The parties dispute the proper standard of review. Federal argues that the standard of review is "clear error" because a motion to strike a jury demand is a pretrial, nondispositive matter. Fed. R. Civ. P. 72(a). For nondispositive matters, the ruling will be set aside only if it is clearly erroneous or contrary to law. Id. ; LR 72.2(a)(3) ; Coons v. BNSF Ry. Co. , 268 F. Supp. 3d 983, 991 (D. Minn. 2017). If, on the other hand, the motion to strike a jury demand is a dispositive matter and a Report and Recommendation was therefore required, the decision is reviewed de novo. Fed. R. Civ. P. 72(b)(3) ; LR 72.2(b)(3). The alternatives are inconsequential here because the question presented is purely a legal question. See Martin Ankeny Corp. v. CTB Midwest, Inc. , No. 4:14-cv-00516-SMR-HCA, 2016 WL 7426584, at *3 (S.D. Iowa Mar. 18, 2016) (concluding that a district court necessarily reviews a magistrate judge's ruling on a "pure question of law" de novo , regardless of whether the motion was dispositive or nondispositive (internal quotation marks omitted)). The Court therefore declines to resolve the issue of whether a Report and Recommendation was required in lieu of an order.

I. The Copyright Act

The legal or beneficial owner of an exclusive right under a copyright, subject to registration requirements, may institute an action for any infringement of that right. 17 U.S.C. § 501(b). Infringement remedies include injunctions, id. § 502, impoundment and disposition of infringing articles, id. § 503, damages and profits, id. § 504, as well as costs and attorney's fees, id. § 505. A copyright infringer is liable for either the copyright owner's actual damages and any additional profits of the infringer as provided in Section 504(b), or statutory damages as provided by Section 504(c). Id. § 504(a).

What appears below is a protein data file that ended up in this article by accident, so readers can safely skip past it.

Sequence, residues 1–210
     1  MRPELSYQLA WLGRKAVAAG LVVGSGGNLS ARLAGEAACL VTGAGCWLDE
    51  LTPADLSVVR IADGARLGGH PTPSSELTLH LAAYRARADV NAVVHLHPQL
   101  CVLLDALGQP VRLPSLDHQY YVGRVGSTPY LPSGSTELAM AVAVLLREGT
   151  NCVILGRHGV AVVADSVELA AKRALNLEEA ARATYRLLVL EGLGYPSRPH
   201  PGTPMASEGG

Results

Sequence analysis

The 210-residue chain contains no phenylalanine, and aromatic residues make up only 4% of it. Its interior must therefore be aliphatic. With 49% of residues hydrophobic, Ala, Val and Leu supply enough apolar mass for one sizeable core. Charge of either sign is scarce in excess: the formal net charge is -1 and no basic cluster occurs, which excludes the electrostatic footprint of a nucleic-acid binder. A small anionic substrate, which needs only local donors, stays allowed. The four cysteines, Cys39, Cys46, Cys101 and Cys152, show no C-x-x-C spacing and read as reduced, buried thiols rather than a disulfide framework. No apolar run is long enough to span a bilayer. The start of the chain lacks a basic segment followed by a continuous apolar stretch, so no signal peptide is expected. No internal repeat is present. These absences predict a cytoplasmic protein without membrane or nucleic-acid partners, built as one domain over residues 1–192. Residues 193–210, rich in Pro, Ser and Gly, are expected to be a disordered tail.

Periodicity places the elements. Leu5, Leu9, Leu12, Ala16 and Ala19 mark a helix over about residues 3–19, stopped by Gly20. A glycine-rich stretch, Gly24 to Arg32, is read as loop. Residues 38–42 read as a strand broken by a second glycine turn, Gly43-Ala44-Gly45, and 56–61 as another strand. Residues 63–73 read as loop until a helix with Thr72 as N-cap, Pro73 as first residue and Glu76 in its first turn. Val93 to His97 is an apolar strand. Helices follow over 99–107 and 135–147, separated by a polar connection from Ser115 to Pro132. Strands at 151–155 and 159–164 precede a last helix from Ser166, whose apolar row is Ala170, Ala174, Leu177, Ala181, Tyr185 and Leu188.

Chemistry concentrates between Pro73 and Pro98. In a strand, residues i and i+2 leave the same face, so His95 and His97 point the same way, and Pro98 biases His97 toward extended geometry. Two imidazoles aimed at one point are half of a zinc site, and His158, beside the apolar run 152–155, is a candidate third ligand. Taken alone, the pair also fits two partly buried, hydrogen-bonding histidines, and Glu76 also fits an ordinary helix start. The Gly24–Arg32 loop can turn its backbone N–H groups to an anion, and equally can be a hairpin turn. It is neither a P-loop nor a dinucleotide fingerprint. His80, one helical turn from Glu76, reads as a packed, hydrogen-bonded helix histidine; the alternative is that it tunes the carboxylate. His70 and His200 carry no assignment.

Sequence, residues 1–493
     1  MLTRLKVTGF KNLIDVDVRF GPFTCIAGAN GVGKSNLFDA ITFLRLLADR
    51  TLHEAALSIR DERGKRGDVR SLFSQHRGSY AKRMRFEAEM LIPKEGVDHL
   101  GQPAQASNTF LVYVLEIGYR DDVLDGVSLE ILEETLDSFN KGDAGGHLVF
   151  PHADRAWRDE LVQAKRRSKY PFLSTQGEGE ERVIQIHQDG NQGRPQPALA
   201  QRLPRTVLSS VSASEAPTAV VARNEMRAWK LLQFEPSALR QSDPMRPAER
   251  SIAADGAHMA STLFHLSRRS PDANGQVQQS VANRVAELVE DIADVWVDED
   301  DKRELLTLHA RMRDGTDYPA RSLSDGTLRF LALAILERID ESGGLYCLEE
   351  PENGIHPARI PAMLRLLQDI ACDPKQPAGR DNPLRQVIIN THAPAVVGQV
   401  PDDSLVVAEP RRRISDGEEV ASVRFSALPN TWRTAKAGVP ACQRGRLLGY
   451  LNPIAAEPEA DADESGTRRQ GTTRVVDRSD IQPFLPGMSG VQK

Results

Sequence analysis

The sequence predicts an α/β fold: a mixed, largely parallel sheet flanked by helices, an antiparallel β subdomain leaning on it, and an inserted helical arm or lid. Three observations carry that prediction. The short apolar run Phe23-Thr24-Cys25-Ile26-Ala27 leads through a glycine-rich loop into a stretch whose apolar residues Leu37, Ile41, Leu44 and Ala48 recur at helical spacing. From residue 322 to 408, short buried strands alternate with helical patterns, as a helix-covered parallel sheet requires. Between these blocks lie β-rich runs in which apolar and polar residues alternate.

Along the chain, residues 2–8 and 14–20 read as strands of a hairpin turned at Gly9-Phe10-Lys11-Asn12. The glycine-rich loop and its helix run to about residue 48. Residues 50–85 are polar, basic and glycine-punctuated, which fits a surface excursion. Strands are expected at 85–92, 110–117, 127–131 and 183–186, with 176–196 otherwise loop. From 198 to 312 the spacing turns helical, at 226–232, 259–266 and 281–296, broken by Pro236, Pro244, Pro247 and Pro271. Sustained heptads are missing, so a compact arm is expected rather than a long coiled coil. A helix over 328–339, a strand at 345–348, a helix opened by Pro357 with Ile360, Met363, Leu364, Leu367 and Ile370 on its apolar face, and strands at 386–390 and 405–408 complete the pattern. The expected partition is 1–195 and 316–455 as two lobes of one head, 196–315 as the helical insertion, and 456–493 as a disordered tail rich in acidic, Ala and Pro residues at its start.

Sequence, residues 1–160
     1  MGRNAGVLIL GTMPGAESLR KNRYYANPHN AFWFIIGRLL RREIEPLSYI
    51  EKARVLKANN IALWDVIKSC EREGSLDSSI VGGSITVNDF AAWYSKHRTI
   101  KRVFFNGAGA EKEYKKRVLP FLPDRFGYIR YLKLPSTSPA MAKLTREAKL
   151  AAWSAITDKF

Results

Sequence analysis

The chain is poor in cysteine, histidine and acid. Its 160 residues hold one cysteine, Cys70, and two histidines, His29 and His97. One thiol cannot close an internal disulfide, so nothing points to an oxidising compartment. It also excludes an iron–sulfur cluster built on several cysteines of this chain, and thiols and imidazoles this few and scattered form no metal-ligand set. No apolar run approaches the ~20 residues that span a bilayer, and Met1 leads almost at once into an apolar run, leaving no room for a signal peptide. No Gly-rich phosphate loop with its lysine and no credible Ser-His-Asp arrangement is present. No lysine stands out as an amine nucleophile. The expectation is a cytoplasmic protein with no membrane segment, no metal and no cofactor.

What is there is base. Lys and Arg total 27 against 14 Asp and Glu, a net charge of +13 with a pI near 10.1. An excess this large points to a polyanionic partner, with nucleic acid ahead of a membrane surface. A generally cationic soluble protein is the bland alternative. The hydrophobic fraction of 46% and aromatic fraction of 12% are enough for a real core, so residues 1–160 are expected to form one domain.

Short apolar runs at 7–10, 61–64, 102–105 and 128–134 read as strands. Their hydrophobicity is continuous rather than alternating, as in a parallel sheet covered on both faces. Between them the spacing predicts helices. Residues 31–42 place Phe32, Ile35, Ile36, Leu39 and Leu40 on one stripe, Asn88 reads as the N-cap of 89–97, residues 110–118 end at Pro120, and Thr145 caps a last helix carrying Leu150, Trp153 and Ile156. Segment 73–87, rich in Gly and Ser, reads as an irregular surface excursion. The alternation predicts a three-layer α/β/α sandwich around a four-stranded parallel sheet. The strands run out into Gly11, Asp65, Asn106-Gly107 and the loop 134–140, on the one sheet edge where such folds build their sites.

Section 504(b) provides:

The copyright owner is entitled to recover the actual damages suffered by him or her as a result of the infringement, and any profits of the infringer that are attributable to the infringement and are not taken into account in computing the actual damages. In establishing the infringer's profits, the copyright owner is required to present proof only of the infringer's gross revenue, and the infringer is required to prove his or her deductible expenses and the elements of profit attributable to factors other than the copyrighted work.